Death—Enemy or Friend?

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Is death a Christian’s friend or enemy?

Surely it’s both. But how do we put the two together without being either too glib or too morose at the next funeral we attend?

Death as Enemy

On the one hand death is a Christian’s enemy—indeed, our greatest enemy. Death was the result of the fall at the beginning (Gen. 2:17), and death is the last enemy to be defeated at the end (1 Cor. 15:26; Rev. 21:4). From about age 30, our bodies begin powering down, and of course many don’t even make it to 30.

Because this is the only kind of existence we’ve ever known, we have largely become innoculated to the strangeness of this life. But the elderly still pine after their youthfulness, people still have mid-life crises when they realize how short life is, and it feels intensely wrong to see the lifeless face of a family member in an open-casket memorial service.

Death is difficult enough when it comes quietly to a Christian saint in the winter of a life well lived. What if we’re unsure about the state of the soul of the deceased? What about the death that comes far too early? What about the freak accident that was so easily avoidable? What about those who were making a ruin of their lives and now have lost forever the chance to change?

We know, way down deep, that death is a foreign invader. It’s a perversion of normalcy. It’s our enemy.

Death as Friend

But death is also a believer’s friend. We say it cautiously, and to a friend who has just lost someone, we don’t say it at all. The Bible tells us to weep with those who weep, not provide theological reminders (Rom. 12:15). But if the lost loved one died in Jesus, death’s tyranny has been toppled (1 Cor. 15:54–55). We who remain will grieve; those who have gone on will not.

For those not in Christ, death is only enemy. This life is the best it will ever get. For those in Christ, death is also, and more deeply, friend. This life is the worst it will ever get. By speaking of death as our “friend” I don’t mean death itself so much as death as a doorway to something else. Death ushers us into relief. Rest. Calm. Restoration. Invincibility.

For those not in Christ, death is only enemy. This life is the best it will ever get. For those in Christ, death is also, and more deeply, friend. This life is the worst it will ever get.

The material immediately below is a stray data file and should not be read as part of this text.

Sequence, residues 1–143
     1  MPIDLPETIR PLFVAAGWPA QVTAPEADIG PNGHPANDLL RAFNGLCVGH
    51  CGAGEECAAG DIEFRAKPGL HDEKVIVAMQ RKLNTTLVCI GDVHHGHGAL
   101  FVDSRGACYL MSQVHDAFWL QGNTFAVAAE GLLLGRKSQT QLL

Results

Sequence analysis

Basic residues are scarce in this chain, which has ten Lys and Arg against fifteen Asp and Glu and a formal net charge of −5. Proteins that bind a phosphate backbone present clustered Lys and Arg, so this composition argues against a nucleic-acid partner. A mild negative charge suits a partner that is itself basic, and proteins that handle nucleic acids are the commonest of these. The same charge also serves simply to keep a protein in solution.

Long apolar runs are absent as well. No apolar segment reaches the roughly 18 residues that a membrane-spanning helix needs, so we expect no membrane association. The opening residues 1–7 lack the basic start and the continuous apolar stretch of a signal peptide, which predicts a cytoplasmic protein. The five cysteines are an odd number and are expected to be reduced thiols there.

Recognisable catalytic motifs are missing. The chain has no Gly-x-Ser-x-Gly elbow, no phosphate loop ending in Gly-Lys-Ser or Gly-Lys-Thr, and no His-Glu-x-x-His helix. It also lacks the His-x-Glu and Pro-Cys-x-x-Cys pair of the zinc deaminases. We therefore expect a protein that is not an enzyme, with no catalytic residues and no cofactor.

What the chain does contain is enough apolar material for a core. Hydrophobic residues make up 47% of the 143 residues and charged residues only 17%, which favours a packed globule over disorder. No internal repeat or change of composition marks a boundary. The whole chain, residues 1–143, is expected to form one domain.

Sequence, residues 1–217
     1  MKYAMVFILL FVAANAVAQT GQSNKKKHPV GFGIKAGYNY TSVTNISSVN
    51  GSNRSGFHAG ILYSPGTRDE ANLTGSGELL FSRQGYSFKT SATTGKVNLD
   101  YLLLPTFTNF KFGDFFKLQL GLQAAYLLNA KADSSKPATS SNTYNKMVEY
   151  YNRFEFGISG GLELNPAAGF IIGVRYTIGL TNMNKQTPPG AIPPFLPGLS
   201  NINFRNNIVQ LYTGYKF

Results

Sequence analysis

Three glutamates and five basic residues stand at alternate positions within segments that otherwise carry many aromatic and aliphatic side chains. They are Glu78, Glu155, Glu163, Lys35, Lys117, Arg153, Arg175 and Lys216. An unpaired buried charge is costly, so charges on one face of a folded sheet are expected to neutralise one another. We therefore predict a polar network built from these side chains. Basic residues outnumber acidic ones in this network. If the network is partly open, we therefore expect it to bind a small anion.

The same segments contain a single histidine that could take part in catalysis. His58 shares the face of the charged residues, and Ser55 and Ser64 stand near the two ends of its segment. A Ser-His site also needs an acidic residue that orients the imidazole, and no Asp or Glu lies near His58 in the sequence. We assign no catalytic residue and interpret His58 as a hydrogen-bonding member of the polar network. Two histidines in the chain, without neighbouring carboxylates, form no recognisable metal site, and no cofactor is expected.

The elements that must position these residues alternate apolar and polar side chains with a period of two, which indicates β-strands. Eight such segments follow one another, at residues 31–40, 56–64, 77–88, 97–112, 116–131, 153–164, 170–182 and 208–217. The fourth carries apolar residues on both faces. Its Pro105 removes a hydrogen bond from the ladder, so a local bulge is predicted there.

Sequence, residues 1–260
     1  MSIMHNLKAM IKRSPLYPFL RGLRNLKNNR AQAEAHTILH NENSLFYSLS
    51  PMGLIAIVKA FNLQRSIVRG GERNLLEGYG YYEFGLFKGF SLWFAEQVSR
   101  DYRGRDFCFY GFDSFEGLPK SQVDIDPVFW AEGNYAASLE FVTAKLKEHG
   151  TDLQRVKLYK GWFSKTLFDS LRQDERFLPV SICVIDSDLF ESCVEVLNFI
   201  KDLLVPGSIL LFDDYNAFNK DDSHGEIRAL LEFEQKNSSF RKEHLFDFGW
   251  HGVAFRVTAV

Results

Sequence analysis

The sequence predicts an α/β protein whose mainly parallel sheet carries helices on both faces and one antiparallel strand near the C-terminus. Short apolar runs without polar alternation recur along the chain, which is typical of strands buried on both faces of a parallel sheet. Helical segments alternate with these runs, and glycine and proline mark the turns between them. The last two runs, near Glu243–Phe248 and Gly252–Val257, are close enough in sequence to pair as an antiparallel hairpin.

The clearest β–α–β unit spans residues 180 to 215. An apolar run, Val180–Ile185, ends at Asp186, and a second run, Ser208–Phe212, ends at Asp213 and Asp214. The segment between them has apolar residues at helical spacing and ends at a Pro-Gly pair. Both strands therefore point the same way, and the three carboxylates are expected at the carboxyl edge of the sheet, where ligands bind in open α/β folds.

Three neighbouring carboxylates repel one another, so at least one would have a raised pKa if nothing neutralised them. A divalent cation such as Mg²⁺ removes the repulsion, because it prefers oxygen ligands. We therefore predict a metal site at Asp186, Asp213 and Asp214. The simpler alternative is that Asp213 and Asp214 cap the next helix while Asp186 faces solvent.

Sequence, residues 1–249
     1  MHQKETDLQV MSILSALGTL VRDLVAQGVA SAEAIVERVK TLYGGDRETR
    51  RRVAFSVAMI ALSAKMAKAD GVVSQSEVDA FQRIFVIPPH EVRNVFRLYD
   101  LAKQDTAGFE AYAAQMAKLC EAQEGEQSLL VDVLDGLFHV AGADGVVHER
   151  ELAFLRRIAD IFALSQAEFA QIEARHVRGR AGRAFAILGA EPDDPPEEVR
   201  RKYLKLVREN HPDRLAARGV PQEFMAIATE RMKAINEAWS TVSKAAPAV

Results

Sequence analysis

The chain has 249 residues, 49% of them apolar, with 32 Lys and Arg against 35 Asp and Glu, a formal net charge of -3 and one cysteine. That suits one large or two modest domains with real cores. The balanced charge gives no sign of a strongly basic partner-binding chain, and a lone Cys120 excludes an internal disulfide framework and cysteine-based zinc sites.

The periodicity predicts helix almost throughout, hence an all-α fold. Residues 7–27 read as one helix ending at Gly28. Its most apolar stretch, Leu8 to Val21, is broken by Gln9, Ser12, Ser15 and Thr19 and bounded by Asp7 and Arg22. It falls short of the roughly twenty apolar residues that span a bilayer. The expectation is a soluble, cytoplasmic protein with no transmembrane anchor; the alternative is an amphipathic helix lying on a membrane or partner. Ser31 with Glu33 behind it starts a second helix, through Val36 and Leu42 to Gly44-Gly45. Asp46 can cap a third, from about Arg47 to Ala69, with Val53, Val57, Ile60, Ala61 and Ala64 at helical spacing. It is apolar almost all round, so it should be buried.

After all, what if we in Christ never died physically? What if heaven remained unreachable? What if—I speak hypothetically—we were regenerate but unable to die? We would long for death with a longing that outstrips any longing we presently experience.

For a Christian, death has been transformed from bitter-tasting poison to bitter-tasting medicine. From a piercing sword through the heart to a piercing but life-giving syringe. In both cases there is pain. But one is pain unto destruction, the other pain unto restoration. One is a doorway into darkness, the other a wardrobe into Narnia.

When sinners are pulled into Christ by the Holy Spirit, death is, for them, instantaneously transformed (John 11:25). Dying will still be painful, probably. But the moment of death itself has been transformed from an end to a beginning. From finality to release.

Greater Enemy, Greater Friend

So what should our attitude be at the next Christian funeral we attend?

The truth is we tend to be neither sad enough nor celebratory enough. Those who speak of death mainly as enemy surely understate their case, and those who think of death mainly as friend do the same. Death is more awful, more invasive, more bizarre, than any of us could adequately feel. Jesus himself was deeply indignant when a friend died (John 11:33, 38). 

But what death does for those in Christ is more unspeakably wonderful than any of us could adequately feel. Not only because of the absence of badness, but because of the presence of goodness—and not abstract goodness, but goodness as a person. Death is a blessed release for the Christian because we won’t only be in Christ but also finally with Christ (Phil. 1:23). And to be with Christ is to have all that you loved on earth summed up in one person. As Jonathan Edwards put it:

When a saint dies, he has no cause at all to grieve because he leaves his friends and relations that he dearly loves, for he doth not properly leave them. For he enjoys them still in Christ; because everything that he loves in them and loves them for, is in Christ in an infinite degree; whether it be nearness of relation, or any perfection and good received, or love to us, or a likeness in dispositions, or whatever is a rational ground of love. 

Rewound and Undone

For a Christian, death is an enemy—but an enemy we need not fear, for all it can do is usher us into final rest and peace.

And one day, for those united to a resurrected Christ, we will be given back our bodies, as earthy as ever but this time invincible, and all the ravages of death will be rewound and undone (Rev. 21:4). Since Jesus rose from the dead and we’re in him, our own death will work backwards.

The scars of this life will themselves become part of our final beauty and dignity.

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